No one sets out to have a content distribution fail.
Even the word loser is enough to evoke painful memories that may date back to childhood.
But face the stark reality that content distribution makes or breaks your content marketing success.
Without a distribution plan, your loving investment in content creation is wasted since your content goes unnoticed.
Don’t worry—you’re not alone!
While it’s based on a small sample, Ian Cleary’s recent Outreach Plus research found that 90% of content marketers have content distribution problems.
- 65% don’t have time to distribute their content. Ouch—you need editorial calendars to keep content projects on track.
- 25% don’t know how to distribute their content. Yikes—even the most basic email and social media delivery yields results.
Fret not, we’re here to help you.
In total, there are 5 core content distribution #fails. While they may dress up as other types of issues, don’t let that fool you.
Once you recognize them as distribution problems, you can start to fix them. As a result, your content distribution will start to reap better results.
Regardless of your current position, you probably face one or more of these content distribution #fails.
Even worse, you’re responsible for driving measurable content distribution results even if the content you receive is sub-par.
While you may not think that you fall into this category, chances are you’re not being honest with yourself.
How do I know?
Although you have a vague content marketing strategy safely stored in your brain, it’s neither documented nor distributed within your organization. As a result, it can change or be misinterpreted by others.
“No content marketing strategy” related distribution problems include:
- No content mission statement. Can result in unnecessary content creation.
- Don’t know your target audience. While you know something about your prospects you don’t have the key data for content creation and distribution.
- Missing brand and social media and guidelines. As a result, your inconsistent messages waste efforts.
- No editorial calendar. Therefore you don’t create a mix of the 5 core types of content. As a result you create extra content, me-too content, and/or poorly timed content.
- Lack distribution calendar. Based on editorial production, it defines when and how to deliver new and existing content over time. Includes re-promotion, updates and transformation to maximize content lifetime value and reduce content creation.
- Defined content distribution guidelines and distribution channel plans. Outline your key distribution channels and delivery frequency. Also, align distribution with your content mission statement and branding guidelines.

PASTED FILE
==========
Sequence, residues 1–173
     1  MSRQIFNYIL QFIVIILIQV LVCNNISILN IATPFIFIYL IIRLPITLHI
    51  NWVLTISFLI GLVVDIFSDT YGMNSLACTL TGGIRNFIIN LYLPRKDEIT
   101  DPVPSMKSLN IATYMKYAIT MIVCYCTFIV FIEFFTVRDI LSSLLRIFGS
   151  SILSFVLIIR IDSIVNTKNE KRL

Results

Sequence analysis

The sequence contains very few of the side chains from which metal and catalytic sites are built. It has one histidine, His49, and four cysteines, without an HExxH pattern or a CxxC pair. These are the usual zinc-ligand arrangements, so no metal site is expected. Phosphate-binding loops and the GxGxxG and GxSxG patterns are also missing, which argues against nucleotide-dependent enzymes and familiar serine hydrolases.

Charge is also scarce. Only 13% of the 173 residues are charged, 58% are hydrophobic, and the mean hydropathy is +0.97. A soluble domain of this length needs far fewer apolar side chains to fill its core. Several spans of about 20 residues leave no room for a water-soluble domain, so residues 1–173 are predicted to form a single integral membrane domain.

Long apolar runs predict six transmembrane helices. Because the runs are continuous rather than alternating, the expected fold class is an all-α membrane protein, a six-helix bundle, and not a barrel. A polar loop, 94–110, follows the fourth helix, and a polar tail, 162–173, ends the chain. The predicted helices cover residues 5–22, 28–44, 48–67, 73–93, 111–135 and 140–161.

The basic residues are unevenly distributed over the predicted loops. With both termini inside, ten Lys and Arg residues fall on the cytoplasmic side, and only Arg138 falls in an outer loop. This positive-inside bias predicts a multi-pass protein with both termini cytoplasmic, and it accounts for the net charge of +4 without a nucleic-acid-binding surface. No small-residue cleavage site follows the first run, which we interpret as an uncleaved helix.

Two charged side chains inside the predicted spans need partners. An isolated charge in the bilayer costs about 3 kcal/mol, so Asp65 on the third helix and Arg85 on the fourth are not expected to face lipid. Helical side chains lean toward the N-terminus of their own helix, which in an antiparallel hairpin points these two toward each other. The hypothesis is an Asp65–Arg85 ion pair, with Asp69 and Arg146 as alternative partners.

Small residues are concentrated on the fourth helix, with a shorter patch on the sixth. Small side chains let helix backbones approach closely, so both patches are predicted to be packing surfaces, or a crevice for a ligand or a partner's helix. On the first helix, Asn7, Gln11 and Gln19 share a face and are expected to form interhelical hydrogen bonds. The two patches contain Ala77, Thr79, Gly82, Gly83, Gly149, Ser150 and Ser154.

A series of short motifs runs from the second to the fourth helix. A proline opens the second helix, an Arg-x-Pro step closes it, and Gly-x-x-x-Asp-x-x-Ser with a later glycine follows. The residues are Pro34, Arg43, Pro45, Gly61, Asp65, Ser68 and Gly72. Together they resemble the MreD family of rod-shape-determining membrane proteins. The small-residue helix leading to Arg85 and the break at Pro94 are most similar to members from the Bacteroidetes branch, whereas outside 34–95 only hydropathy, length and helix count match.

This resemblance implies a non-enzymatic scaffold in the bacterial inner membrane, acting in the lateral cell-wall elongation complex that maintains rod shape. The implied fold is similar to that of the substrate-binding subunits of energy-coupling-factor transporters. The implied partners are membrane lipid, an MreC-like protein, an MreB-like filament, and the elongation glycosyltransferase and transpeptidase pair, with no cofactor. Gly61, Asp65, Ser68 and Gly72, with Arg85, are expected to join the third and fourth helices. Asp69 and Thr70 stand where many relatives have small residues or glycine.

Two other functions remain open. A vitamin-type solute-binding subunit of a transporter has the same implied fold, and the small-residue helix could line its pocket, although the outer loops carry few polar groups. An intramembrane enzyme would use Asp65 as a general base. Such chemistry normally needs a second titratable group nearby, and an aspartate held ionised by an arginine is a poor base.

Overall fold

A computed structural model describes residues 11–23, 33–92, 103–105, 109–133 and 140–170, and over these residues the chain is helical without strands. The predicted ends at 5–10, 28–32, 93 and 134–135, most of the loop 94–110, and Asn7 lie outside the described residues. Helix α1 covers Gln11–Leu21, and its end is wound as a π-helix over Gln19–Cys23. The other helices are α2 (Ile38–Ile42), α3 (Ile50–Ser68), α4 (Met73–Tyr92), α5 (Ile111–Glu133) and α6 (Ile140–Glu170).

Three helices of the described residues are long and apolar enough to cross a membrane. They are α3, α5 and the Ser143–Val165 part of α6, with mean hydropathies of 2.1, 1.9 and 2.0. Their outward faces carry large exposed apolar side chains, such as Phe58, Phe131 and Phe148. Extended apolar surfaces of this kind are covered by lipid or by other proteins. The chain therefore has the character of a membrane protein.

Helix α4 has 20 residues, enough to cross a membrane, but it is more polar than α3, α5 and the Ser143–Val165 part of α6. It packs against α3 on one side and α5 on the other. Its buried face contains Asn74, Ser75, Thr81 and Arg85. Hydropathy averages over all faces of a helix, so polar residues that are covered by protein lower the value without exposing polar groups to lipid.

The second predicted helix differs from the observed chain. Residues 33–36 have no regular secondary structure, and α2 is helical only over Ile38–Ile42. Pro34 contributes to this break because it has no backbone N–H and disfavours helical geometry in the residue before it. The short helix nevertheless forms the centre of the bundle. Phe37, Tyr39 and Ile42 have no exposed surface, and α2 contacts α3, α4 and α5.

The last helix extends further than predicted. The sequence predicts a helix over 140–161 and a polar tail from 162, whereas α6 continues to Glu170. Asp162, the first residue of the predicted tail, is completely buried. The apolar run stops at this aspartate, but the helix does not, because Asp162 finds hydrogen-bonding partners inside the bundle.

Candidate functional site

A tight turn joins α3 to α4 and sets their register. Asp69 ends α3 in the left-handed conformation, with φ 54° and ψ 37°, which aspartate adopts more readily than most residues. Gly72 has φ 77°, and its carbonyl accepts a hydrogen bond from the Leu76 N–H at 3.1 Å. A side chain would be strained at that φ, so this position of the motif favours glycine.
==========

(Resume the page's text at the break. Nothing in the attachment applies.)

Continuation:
Although your management may buy into content marketing, they don’t provide sufficient resources to achieve measurable success.
Like other business activities, content marketing requires resources (CMI/MarketingProfs Research 2017).
- Average content marketers allocate 26% of their marketing budget to content marketing.
- By contrast, best-in-class content marketers allocate 40% of their marketing budget to content marketing.
“Lack of budget” distribution problems include:
- Social media is “free.” The Google (including YouTube)-Facebook (including Instagram) duopoly hasn’t rid rational managers of this idea. To maximize organic social media reach, you need employee participation, shared creation, scheduling and monitoring tools.
- Siloed advertising. If social media and third party advertising are moved to a dedicated function, you might have to lose some content distribution budget and control.
- Reduced owned media use. If your company website, blog and intranet delivery are siloed resources, then content marketing distribution may be limited.
- Limited housefile access. When a non-marketing department controls email use and priorities, content distribution reach is limited.
- Tap into the power of sales. You can reduce the sales time spent creating their own materials if they distribute content directly to their contacts.
- Place relevant content in customer service and purchase emails. Give content to people who actively seek or need it.
- Post relevant product and FAQ content on product pages. As a result, expand your content entryways.
- Provide content for human resources. In the process, persuade potential hires to join your team at no extra cost.
- Exploit management presentations. Increase low cost content reuse. While at SAP, Michael Brenner use this tactic to develop crowd-alluring information.